The general reader will find innumerable stories about such events as Indian diplomats seduced by Soviet “swallows” into turning over the embassy’s codebooks. Among other things, the book reveals that “Fear of a pre-emptive Soviet strike seems to have been a major reason for the Chinese decision to enter the secret talks . . . which led to . . . Sino-American rapprochement . . . .” In short, just as Richard Nixon was playing the “China card,” Mao was playing “the United States card.”

In the fifteen years or so since the fall of the Berlin Wall and the end of the Cold War, historians have been revising their understanding of that conflict in the light of new revelations from behind what was once known as the Iron Curtain. The World Was Going Our Way contributes to that process by demonstrating the centrality of the KGB to the “third world” struggle which dominated so much of the thirty year period after 1961. It also serves as a counterpart to the numerous works dealing with the activities of the Central Intelligence Agency which have appeared since the Church Committee hearings in 1975. Overall Andrew concludes that despite numerous tactical successes, often attributable to its “active measures,” the KGB’s effort to win the Cold War in the “third world” was a strategic failure.

Those of bus of a certain age spent decades being lectured by the Left about how the Marxism of the Third World was popular and entirely indigenous and how our attempts to help governments there defeat it was naught but Imperialism.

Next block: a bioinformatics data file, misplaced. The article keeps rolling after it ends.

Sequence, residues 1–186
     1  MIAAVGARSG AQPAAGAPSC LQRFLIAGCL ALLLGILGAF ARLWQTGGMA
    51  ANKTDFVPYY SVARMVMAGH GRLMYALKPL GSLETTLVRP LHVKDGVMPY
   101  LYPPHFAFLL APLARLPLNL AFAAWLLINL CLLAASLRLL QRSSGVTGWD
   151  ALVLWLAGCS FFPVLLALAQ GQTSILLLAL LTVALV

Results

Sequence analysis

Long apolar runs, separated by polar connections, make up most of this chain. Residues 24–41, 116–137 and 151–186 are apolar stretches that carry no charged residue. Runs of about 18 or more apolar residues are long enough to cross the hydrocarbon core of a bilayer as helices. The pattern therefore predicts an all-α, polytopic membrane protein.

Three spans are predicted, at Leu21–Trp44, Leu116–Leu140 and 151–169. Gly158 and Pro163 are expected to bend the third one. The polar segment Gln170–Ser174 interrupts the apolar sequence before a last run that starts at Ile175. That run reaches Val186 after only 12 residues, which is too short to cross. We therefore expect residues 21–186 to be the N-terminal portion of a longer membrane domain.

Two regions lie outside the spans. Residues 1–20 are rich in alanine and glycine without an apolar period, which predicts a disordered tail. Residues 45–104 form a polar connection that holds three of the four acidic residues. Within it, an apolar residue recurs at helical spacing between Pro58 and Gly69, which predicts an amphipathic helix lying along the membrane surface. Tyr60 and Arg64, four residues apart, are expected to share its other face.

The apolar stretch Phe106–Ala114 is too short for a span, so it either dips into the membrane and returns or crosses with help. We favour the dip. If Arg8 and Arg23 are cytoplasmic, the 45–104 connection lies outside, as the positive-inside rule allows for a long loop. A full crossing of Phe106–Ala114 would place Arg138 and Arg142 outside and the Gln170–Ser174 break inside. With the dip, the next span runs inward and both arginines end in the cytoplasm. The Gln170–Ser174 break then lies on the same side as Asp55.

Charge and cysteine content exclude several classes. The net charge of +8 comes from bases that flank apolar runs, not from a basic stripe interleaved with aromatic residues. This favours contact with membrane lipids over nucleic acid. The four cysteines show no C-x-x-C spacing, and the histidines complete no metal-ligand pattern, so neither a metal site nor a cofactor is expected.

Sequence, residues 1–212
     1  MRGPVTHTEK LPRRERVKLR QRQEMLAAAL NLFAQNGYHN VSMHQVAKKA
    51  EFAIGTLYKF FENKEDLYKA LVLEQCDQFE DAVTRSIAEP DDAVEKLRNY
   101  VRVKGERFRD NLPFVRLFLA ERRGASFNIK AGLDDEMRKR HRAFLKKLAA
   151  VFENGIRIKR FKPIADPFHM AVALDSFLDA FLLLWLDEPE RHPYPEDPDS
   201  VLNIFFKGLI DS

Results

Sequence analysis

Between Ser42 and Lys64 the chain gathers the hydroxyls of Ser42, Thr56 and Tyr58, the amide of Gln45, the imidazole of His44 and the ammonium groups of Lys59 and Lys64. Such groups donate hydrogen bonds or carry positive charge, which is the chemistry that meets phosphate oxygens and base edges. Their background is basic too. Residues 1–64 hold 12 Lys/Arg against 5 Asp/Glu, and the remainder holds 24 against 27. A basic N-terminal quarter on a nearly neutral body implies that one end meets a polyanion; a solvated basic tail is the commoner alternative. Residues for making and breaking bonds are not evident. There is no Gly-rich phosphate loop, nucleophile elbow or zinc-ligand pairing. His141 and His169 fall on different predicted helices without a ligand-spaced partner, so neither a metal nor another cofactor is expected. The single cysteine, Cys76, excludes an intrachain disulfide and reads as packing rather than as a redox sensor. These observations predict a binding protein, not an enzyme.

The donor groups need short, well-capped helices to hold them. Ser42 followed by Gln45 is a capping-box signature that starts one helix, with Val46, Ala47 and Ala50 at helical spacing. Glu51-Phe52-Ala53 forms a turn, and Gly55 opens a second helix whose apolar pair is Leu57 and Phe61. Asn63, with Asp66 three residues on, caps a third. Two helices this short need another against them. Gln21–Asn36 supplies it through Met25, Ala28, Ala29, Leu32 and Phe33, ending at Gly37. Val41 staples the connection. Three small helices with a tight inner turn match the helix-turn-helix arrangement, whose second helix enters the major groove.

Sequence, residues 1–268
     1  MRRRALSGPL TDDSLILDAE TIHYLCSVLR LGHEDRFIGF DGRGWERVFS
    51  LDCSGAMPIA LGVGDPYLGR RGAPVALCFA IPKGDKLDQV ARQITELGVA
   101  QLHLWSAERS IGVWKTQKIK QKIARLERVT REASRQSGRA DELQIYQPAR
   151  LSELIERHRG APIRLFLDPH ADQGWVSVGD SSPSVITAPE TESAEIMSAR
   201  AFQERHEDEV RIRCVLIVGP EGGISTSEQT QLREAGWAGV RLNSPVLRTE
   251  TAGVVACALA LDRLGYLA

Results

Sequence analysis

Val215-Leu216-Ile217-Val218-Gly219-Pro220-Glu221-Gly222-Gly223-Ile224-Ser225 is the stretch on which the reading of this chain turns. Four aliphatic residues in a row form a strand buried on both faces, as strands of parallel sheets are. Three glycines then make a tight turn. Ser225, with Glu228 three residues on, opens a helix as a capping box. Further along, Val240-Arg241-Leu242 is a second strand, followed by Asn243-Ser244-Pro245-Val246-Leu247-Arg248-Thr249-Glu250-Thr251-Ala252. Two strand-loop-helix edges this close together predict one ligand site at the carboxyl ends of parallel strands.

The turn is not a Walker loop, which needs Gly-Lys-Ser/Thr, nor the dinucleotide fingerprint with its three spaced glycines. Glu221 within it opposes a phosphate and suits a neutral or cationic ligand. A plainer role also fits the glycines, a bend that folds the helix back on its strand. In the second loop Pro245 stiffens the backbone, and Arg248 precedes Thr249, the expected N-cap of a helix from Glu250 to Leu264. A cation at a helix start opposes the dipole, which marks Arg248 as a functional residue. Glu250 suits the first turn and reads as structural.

Posted by Orrin Judd at December 26, 2005 12:00 AM

When have they stopped lecturing us?

Posted by: Jim in Chicago at December 26, 2005 11:09 AM

"In the post 9/11 world in which Americans wonder why they are so often reviled, it is worth noting that the Soviets and their allies fostered anti-Americanism whenever they could, often building upon older resentments. Andrew quotes a Czechoslovak agent as saying that Anti-American propaganda campaigns are the easiest to carry out. A single press article containing sensational facts of a new American conspiracy may be sufficient. Other papers become interested, the public is shocked, and government authorities in developing countries have a fresh opportunity of clamour against the imperialists while demonstrators hasten to break American embassy windows.

"The Soviets and their allies" included leftwingers of every form and shape and their inheritors today populate much of the Democratic party and the MSM. Their work is carried on, sans the USSR.

Posted by: Genecis at December 26, 2005 1:18 PM

Yes, but. . ..

Indications are strong that Boxer-Leninism has followed its parent into the ashheap of history.

Recall that the canard about "imperialism" was the Communists' attempt to capitalize (chuckle) on anti-white and anti-Christian reaction among those who felt themselves diminished by their neighbors' successes.

It failed. Santa Claus is riding Indian elephants now.

Posted by: Lou Gots at December 26, 2005 1:29 PM